Theresa May was seemingly happy with the flat as she didn’t make any changes[/caption]
The Camerons spent £64,000 on updates, including a new bathroom and kitchen[/caption]
But irrespective of who paid for it, it’s still not a good look to be spending such an excessive amount on fancy decor when so many of the pandemic-struck electorate are worrying about where their next penny is coming from.
Particularly as “John Lewis furniture” is actually rather nice and wholly functional for modern living.
It smacks of a tinpot dictator lavishing cash on 24/7 fountains while, outside his gold-plated gates, the people he purports to represent are struggling to find fresh water.
So, even though he usually blusters his way through personal crises, could the reported excesses of his fiancee’s interior design tastes and the damning indictment of his former right-hand man (more of which is to come) prove to be the “scandal” that finally lands a punch on the jaw of Teflon Boris?
Watch this expensively refurbished space.
Andy’s a car crash
It is reported that he didn’t like the original colour of blue, so it was resprayed in British racing green, which on the open market would cost you several grand.
Andrew is being driven around in a new £220k Bentley[/caption]
Still, only the best for a non-working royal embroiled in the Jeffrey Epstein scandal, eh?
Apparently the Royal Family receive “favourable lease deals” on their vehicles, presumably in exchange for the kudos of a brand seeing its car being driven by, ahem, someone so high-profile.
But quite frankly, if I was boss of Bentley, I’d pay for Prince Andrew not to be seen in one.
Dipper not so lucky
THE UK’s highest rollercoaster, The Big One at Blackpool Pleasure Beach, suffered a mechanical failure this week and riders had to walk down to safety.
Eek. Along with the hugely charismatic owner Geoffrey Thompson, now deceased, I was the first ever human to endure enjoy the ride just before it opened in May 1994.
The Big One at Blackpool Pleasure Beach, suffered a mechanical failure this week and riders had to walk down to safety[/caption]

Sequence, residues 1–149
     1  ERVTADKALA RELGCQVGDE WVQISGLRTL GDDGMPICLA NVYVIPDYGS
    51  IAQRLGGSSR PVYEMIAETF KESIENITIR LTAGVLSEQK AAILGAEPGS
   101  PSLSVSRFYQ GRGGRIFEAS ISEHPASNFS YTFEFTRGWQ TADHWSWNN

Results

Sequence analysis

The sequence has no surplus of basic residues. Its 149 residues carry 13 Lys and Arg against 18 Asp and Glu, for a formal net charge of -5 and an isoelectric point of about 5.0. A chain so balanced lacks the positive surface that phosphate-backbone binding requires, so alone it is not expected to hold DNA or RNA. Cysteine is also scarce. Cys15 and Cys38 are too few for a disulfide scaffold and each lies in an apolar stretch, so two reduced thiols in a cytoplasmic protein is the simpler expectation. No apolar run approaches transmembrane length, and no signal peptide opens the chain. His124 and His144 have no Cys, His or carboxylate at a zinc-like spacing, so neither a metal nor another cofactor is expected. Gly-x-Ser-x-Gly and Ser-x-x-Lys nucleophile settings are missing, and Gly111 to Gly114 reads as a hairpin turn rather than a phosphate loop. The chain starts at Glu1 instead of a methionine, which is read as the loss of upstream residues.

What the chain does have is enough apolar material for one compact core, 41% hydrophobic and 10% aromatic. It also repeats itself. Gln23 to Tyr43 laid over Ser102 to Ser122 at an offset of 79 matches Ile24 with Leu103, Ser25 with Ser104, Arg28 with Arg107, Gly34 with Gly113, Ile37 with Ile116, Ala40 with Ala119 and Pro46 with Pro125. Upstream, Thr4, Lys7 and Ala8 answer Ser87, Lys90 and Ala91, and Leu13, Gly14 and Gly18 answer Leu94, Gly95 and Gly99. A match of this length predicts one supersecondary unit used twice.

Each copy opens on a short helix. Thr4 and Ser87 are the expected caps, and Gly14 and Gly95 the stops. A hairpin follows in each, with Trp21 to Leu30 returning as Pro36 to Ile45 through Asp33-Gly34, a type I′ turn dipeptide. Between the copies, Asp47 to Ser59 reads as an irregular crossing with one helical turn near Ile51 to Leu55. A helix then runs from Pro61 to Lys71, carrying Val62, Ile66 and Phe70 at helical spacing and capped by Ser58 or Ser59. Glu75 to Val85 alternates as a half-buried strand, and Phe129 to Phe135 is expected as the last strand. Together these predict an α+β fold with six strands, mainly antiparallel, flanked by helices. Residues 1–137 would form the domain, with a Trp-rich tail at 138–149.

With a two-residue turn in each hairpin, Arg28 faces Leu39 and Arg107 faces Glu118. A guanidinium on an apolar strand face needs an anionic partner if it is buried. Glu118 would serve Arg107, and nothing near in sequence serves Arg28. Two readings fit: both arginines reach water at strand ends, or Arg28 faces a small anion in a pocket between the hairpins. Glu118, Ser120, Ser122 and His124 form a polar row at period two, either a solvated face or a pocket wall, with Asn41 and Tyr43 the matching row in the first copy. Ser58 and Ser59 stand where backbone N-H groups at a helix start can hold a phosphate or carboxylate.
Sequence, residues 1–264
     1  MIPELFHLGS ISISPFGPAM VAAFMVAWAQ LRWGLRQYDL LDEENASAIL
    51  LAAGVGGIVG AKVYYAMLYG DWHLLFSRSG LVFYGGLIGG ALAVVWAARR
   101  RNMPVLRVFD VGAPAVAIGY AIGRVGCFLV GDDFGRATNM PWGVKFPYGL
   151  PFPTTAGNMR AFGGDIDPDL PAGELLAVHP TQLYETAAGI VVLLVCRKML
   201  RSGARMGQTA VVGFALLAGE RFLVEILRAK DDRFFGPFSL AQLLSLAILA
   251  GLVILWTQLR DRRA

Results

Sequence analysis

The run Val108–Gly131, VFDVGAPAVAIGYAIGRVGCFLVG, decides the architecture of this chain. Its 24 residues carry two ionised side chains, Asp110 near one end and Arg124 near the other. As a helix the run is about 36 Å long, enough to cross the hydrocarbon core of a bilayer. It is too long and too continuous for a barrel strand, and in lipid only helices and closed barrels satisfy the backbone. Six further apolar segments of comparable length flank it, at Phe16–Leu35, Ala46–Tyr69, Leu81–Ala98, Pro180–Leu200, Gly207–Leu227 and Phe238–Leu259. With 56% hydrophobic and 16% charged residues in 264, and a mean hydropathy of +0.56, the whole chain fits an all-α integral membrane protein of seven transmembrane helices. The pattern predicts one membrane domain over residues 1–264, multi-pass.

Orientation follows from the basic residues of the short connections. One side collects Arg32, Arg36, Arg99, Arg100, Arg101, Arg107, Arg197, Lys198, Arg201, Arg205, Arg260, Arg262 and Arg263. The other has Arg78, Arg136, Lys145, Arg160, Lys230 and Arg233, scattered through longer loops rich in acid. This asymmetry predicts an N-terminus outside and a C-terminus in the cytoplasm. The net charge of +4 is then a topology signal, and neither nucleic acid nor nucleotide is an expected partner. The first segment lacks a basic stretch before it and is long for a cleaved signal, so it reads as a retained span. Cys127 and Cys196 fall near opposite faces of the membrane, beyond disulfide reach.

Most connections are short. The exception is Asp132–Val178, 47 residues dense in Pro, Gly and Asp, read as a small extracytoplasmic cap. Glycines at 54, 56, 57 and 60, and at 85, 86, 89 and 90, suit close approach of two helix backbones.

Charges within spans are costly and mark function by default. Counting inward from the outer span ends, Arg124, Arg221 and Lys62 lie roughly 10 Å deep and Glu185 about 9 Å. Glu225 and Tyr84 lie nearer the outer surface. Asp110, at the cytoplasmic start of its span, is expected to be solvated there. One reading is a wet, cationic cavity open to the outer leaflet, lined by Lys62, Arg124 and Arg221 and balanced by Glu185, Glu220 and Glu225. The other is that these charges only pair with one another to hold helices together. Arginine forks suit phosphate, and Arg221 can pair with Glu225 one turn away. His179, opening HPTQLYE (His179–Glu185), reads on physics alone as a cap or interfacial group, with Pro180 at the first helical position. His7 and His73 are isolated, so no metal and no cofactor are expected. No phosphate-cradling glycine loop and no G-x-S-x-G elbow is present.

The entrance hadn’t yet been built, so we had to ascend via ladders and nervously boarded the front carriage while those behind us were packed with sandbags.
As we slowly climbed to the 213ft peak, a front-mounted camera recorded every excruciating second of the subsequent terrifying drop. Consequently, there were numerous shots of my tonsils as I screamed.
Worse, the photographer kept saying he hadn’t yet got the “killer shot” which, quite frankly, he could have meant literally given the circumstances.
So I had to ride the bloody thing six more times.
Love isle doc will give you the jitters
CHECK out Toluwa Adepeju, a 25-year-old junior doctor who worked 70-hour weeks on the Covid front line and is rumoured to be taking part in the next series of Love Island.
Cripes. If you’re in your twenties and admitted to Toluwa’s hospital, for whatever reason, surely he’d actually give you palpitations?
Seeing red at sex ed
Baroness Boothroyd is being investigated as she recovers from open-heart surgery[/caption]
BARONESS BOOTHROYD – the first and only female Commons Speaker – is being investigated by Parliament’s ethics watchdog for failing to attend a compulsory sexual harassment course despite currently recovering from open-heart surgery.
I don’t know what’s more offensive: That a 91-year-old pioneer for women in politics is being bothered on her sickbed by the suggestion she even needs training in such matters; or that the company involved – Challenge Consultancy – has received more than £750,000 in contracts from Parliament for running two online courses about unconscious bias.
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Romeo is an ad for jab
AN 85-year-old man who breached lockdown rules to have sex with a prostitute has blamed the Covid jab for making his sex drive shoot “through the roof”.
Unsurprisingly, he’s Italian.
Meanwhile, perhaps the Government should put him on a poster to encourage those currently resisting the vaccine to sign up with immediate effect.